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Protecting the Bill of Rights in Utah since 1958

1998 Utah Legislative Report

31 December 1997 Published in Legislative Reports

 English-Only Law Defeated 

During the 1998 legislative session, the most significant victory for the ACLU of Utah was the defeat of House Bill 189, English as the Official Language of the State of Utah. Sponsored by Representative Tammy Rowan and first introduced in the July 1997 interim session, the bill required that all official state documents, transactions, proceedings, meetings, and publications be in English only. While the bill listed several exceptions, the ACLU of Utah was immediately concerned that such a law would severely compromise the due process, Equal Protection, and First Amendment rights of those who are not yet proficient in English, and limit effective communication between government employees and the public.  

Over the summer, we brought together a diverse coalition of organizations and individuals to coordinate opposition to the bill. This coalition organized public demonstrations, including a large rally in the state capitol building, granted newspaper, radio, and television interviews, met with individual legislators, and spoke at House committee meetings. Through these efforts, the bill became an important issue for state policymakers, and, despite the last minute efforts of the national organization U.S. English, our public education efforts were successful. The bill was defeated in committee and never made it to the House floor for a vote. 

Undaunted by this defeat, Representative Rowan launched a petition-drive to ensure that her bill reach the House floor for a vote during the 1999 legislative session. By November, she had collected the necessary signatures, and the ACLU of Utah worked diligently with the coalition so that we would be in a position to effectively oppose the initiative in 1999. 

The State Child Abuse Database Continues to Pose Due Process Concerns 

Over the past twenty years, the Utah Department of Human Services (DHS) has maintained a database of over 200,000 complaints of child abuse and neglect. The management of this information exemplifies many of the typical problems with electronic databases: unsubstantiated complaints remain on the list, a large number of people have access to the database, and there is no process in place for individuals to contest the charges made against them. In addition, DHS is not required to notify people before placing them on the list, despite the fact that individuals listed in the database can be prohibited from working with children.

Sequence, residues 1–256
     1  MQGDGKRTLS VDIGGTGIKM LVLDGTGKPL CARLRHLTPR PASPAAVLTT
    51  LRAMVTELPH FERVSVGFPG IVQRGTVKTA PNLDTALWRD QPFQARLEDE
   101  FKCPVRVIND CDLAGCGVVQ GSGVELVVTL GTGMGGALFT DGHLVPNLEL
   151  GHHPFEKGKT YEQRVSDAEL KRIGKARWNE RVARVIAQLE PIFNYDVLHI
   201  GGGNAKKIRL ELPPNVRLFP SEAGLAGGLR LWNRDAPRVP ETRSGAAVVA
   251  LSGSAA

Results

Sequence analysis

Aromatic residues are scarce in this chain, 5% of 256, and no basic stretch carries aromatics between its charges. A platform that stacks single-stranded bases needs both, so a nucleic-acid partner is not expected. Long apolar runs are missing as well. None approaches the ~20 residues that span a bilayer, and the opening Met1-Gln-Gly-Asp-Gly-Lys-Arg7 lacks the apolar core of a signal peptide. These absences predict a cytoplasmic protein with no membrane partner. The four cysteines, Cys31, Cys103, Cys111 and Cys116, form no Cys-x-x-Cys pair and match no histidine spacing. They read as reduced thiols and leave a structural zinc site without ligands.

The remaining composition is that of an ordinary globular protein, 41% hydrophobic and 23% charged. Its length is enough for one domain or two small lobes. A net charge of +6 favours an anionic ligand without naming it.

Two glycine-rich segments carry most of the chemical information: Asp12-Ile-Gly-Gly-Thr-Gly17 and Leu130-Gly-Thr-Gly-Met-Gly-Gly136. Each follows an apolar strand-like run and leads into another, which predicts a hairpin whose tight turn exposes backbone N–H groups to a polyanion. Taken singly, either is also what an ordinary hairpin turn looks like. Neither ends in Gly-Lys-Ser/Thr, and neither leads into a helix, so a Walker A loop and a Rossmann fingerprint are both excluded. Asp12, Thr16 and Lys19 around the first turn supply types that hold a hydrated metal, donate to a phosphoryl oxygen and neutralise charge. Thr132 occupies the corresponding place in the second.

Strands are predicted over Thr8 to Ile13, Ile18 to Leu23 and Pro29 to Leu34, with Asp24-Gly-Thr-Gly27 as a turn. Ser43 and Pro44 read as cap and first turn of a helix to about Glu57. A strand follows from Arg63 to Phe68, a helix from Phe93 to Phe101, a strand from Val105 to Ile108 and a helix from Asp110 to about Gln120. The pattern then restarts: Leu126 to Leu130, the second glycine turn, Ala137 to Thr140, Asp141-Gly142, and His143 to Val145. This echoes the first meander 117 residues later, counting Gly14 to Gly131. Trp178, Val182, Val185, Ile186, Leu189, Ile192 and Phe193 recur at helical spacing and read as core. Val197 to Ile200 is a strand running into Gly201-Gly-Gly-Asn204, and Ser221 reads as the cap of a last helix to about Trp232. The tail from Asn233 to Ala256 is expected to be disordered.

During the 1998 legislative session, a bill was passed that was meant to address these concerns. The law mandated that DHS remove all unsubstantiated complaints, and send a letter to those substantiated of child abuse in the past ten years to inform them of their right to challenge the allegations at an administrative hearing. What followed was an absolute mess. In June, DHS mailed out their first batch of certified letters – almost 10,000 – to individuals accused of documented acts of child abuse between 1988 and 1994. Although these were supposed to be cases that were fully investigated by the Division of Protective Services, many people, upon receiving the letter, learned for the first time that they were substantiated of child abuse. Those who were unknowingly in the database included children who were five or six at the time of the incident, parents who had been in the midst of bitter custody battles who had been accused of abuse by their former spouses, and individuals who had been inputted into the database before someone else was later convicted and sent to prison for the abuse. A second batch of 15,000 letters was never sent out because DHS had no way to deal with the number of hearings requested, and legislators, who were receiving angry calls from their constituents, questioned the fairness of the procedure.